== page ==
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Greece sets up #MeToo website, proceeds with penal code changes for minors’ protection

The Greek government has set up a #MeToo website where citizens can submit complaints get information on sexual harassment and abuse as well as power-based violence, actions taken against abusers and links where victims can seek help.

The website metoogreece.gr will soon host announcements concerning initiatives designed to help people of all ages and genders respond to every form of harassment and abuse.

“Together we break the silence. You are no longer alone,” Prime Minister Kyriakos Mitsotakis said in social media posts on Thursday, referring to the metoogreece website.

Worth noting that the website proposal has already negative comments with internet users pointing out that “blind” complaints on a government site, in fact, cancel the legal procedure as provided by law where victims are in support of lawyers and psychologists.

Apart from the website, the government is to take a series of legislative amendments for the stricter punishment of sexual offenders and other measures to protect especially minors.

Speaking at a relevant debate in the Parliament on Thursday, Mitsotakis announced that “the penal code is changing. The penalties for sexual offenses are becoming stricter. For minors, the statute of limitations is suspended until the victim reaches adulthood, with new age limits.”

He announced also the establishment of a special register for all professionals who come into contact with children and adolescents.

“This register will operate in cooperation with the Ministry of Justice, the Greek Police, the police authorities,” he underlined.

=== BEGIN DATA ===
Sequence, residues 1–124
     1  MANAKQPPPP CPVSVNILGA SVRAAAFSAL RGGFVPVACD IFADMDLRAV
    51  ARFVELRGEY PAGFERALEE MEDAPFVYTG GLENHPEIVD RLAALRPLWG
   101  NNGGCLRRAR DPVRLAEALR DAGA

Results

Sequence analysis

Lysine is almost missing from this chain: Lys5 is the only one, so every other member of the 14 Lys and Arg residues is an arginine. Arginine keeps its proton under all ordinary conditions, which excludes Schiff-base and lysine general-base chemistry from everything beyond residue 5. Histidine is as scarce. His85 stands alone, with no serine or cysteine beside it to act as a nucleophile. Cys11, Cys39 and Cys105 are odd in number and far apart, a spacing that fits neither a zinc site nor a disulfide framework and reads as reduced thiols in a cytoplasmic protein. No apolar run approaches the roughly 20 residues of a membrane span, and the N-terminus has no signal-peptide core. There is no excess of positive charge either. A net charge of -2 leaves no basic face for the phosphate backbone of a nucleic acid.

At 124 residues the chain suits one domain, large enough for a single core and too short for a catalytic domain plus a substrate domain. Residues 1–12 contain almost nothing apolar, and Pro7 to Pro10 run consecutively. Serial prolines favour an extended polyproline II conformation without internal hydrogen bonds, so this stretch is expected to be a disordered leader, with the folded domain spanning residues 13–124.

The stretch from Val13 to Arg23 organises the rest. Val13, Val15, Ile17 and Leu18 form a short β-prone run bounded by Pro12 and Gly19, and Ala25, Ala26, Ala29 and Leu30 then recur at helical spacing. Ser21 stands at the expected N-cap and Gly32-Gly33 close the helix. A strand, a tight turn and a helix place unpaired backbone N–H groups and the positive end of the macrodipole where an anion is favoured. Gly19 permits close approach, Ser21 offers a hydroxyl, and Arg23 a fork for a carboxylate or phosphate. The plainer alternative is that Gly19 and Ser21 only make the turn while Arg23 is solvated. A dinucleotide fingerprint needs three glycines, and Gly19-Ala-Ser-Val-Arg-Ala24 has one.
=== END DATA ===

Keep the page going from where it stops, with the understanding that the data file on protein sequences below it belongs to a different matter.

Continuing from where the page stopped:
He added that “the International Labour Organisation’s (ILO) C190 Violence and Harassment Convention will soon be ratified in Parliament. Mandatory codes of conduct are being established in every company.”

“The central web portal, metoo.gov.gr, is being launched. Complaints can be submitted in real time,” the Prime Minister stressed.

The #MeToo movement in the country started mid-January after Olympic gold medalist Sofia Bekatorou openly spoke about her rape by an official of the Greek Sailing Academy.

A month later, the #MeToo movement turned highly political after the former artistic director of National Theater, Dimitris Lignadis, was arrested for the sexual abuse of teenager boys, mostly of foreign nationalities. The now ex director was appointed for the post in August 2019 by the Culture Minister Lina Mendoni who canceled a job opening initiated by the former government of SYRIZA.

All opposition parties and a large part of society have been pressuring for her resignation, the government and ruling New Democracy stands behind her, even though at least five ND MPs have openly asked her to leave the cabinet.

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